Meta says European data is essential for culturally relevant AI Meta says European data is essential for culturally relevant AI

Meta says European data is essential for culturally relevant AI

An absolutely wild newsroom post from Meta about using European data for AI training purposes.

In Meta’s latest announcement, Stefano Fratta outlines a bold vision for AI technology tailored specifically for Europeans.

As we reported in May, Meta announced that it would train its AI with European user data. Initially, the announcement was sent to Meta users only through an in-app notification. No email was sent to users, yet the deadline for the new Privacy Policy to be enforced is June 26, 2024. In fact, the announcement was so secretive that it took other news outlets almost two weeks to write about it.

Meta says it wants to “push to develop AI that understands and reflects European cultures, languages, and humor,” which sounds promising on the surface. However, the approach of using publicly shared data from European users without explicit, proactive consent is troubling. In fact, there is no consent at all. You are simply automatically enrolled in this new “initiative”.

Meta asserts that this is necessary to ensure that AI services are relevant and competitive, but this justification skirts around deeper privacy concerns.

The Opt-Out Illusion

Meta claims to offer easy opt-out options, but the reality is more complex.

How many users truly understand that their public posts and comments are being harvested for AI training? How simple and accessible are these opt-out mechanisms in practice? As we pointed out in May, they are not that simple, even if Meta says in their latest blog post that:

We are honouring all European objections. If an objection form is submitted before Llama training begins, then that person’s data won’t be used to train those models, either in the current training round or in the future.

By and large, most Facebook and Instagram users will not bother with a multiple-step opt-out experience:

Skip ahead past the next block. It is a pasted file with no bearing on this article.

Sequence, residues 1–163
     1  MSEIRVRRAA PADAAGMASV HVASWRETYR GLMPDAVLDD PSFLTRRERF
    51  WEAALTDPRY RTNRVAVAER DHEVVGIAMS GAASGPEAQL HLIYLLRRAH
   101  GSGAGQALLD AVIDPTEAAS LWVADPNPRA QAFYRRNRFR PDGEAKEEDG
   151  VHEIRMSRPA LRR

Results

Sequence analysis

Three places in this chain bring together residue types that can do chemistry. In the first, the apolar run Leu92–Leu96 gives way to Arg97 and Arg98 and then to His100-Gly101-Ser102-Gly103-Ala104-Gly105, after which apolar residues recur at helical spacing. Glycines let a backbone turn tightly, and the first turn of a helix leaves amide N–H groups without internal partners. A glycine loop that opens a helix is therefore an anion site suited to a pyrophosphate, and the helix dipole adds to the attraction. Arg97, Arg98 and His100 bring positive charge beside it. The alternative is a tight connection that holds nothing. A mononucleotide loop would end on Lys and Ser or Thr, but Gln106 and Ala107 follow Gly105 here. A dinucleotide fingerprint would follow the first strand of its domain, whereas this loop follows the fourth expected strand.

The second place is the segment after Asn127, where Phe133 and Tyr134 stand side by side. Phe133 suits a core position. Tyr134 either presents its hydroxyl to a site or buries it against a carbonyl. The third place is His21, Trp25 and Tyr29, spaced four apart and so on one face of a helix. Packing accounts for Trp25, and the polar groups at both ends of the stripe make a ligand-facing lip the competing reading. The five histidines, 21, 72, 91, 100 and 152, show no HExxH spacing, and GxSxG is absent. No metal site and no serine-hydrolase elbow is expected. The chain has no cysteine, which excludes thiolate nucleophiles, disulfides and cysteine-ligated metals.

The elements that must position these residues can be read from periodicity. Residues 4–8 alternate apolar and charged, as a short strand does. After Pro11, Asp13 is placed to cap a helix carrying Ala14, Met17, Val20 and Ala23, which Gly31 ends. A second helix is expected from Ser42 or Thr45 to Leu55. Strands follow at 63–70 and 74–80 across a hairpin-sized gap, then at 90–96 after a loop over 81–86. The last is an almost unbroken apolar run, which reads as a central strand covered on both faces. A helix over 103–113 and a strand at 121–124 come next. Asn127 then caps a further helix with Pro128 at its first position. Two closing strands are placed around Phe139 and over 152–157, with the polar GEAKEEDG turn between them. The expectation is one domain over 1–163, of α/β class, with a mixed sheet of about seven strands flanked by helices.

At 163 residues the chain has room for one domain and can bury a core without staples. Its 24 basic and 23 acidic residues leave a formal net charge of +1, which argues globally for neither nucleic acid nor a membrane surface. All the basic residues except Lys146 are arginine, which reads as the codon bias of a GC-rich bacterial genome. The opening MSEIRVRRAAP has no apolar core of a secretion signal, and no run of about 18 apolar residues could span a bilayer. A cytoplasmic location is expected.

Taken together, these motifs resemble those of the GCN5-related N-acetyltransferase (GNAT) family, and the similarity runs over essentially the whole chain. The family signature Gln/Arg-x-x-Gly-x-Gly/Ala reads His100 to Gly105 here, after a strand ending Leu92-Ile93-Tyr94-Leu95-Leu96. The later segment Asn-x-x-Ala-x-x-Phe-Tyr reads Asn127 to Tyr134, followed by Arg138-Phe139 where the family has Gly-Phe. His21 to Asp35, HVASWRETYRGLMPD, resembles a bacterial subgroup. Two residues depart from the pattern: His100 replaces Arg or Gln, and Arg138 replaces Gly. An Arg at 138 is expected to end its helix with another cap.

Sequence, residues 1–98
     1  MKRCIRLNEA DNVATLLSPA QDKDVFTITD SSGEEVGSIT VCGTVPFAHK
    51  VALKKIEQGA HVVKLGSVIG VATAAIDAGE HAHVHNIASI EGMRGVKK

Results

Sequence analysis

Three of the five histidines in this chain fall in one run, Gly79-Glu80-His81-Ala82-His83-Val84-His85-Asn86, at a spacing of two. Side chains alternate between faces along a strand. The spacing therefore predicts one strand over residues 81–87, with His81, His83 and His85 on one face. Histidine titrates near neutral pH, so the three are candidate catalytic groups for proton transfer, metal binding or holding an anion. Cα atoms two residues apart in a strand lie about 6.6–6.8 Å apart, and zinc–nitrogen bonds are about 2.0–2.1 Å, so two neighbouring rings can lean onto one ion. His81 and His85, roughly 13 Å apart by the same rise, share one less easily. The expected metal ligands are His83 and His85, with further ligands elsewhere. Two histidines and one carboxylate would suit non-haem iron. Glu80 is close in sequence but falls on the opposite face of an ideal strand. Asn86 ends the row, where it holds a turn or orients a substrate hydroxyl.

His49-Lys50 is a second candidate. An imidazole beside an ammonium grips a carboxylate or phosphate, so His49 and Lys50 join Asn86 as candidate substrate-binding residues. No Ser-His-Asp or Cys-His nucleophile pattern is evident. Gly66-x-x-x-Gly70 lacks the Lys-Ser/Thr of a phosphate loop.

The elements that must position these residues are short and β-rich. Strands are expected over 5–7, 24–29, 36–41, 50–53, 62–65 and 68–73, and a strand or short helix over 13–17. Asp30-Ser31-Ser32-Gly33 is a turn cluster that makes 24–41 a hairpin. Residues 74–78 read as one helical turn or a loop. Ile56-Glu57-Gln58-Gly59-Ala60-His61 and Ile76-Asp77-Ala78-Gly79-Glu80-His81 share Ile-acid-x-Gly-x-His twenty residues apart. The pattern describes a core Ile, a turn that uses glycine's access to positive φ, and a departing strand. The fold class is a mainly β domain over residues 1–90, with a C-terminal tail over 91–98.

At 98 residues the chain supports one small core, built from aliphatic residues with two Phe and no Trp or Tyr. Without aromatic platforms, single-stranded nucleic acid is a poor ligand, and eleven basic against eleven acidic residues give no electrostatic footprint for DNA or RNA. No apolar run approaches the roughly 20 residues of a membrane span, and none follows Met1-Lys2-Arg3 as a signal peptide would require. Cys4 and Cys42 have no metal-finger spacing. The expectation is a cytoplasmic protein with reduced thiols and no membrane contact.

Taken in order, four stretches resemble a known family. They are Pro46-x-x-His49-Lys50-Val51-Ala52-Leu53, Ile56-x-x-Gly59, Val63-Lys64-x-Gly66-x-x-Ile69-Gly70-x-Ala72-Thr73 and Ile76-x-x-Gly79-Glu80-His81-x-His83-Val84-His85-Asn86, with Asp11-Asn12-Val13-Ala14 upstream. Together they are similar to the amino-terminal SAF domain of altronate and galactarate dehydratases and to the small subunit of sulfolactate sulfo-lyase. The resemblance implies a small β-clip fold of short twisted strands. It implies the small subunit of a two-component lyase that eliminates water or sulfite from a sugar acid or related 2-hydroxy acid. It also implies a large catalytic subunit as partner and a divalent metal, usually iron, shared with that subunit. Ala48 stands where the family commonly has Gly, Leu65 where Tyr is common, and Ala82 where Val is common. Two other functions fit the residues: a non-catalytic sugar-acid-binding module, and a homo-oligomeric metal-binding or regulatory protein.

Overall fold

• You have to notice the notification about policy changes.
  • You then have to read the introductory statement about the changes to the privacy policy.
  • Next, you need to click on the updated privacy policy.
  • From this page, you need to spot the “right to object” hyperlink – which is not emphasized.
  • Once you click this link, you will land on the Right to Object landing page.
  • From this page, you need to provide actual details as to why you want to opt out and justify to Meta why you don’t want your personal posts and photos used for AI training.
  • Once that is done, you must wait for Meta to approve it.

Does that look or sound like a fair process? Does that sound like something that each Facebook or Instagram user will go through for themselves?

Meta’s blog post suggests that privacy advocates are pushing extreme positions that could prevent Europeans from enjoying advanced AI technologies.

This framing is problematic. It creates a false dichotomy between privacy and technological progress, implying that Europeans must sacrifice one for the other. True innovation should not come at the expense of fundamental rights. Europe has long championed strong data protection laws, and bending these principles for the sake of AI advancement sets a dangerous precedent.

Meta’s reliance on the “Legitimate Interests” clause under GDPR to process public data for AI training raises eyebrows. This legal basis is intended to balance corporate interests with individual rights, but it often leans in favor of the former. The ambiguity surrounding “Legitimate Interests” can be exploited, allowing companies to sidestep more stringent consent requirements.

Meta argues that training AI on European data is essential for creating culturally relevant and effective AI systems. However, this rationale can easily be viewed as a form of data exploitation. Just because data is publicly available does not mean it should be freely used for corporate gain. Users’ public posts and comments might be accessible, but their consent for such use is assumed rather than explicitly given.

Meta should demonstrate how it is addressing these ethical challenges in concrete terms, beyond regulatory compliance and high-level statements.

To genuinely build AI technology for Europeans transparently and responsibly, Meta needs to prioritize user empowerment. This means going beyond minimum legal requirements and fostering a culture of true consent and control. Users should have a clear, easy-to-navigate path to understand how their data is being used and to opt-out if they choose.

Meta has the nerve to say that Europe is at a crossroads, implying that activists advocating for stricter data privacy are essentially arguing against European access to cutting-edge AI. Meta contends that these positions misrepresent European law and unfairly limit Europeans’ benefit from AI advancements enjoyed by the rest of the world. Mind you, the rest of the world cannot opt-out of this new privacy policy, and this luxury is afforded only to Europeans precisely because the EU has strong data protection laws.

Asserting Europe’s potential to lead in AI innovation, Meta raises questions about whether Europeans will receive equal access to groundbreaking AI that reflects their unique cultural and historical context. They frame AI as the next frontier in technology, with limitless possibilities unfolding, and stress their desire for Europeans to participate in this technological revolution actively.

And yet, that participation is largely enforced by default.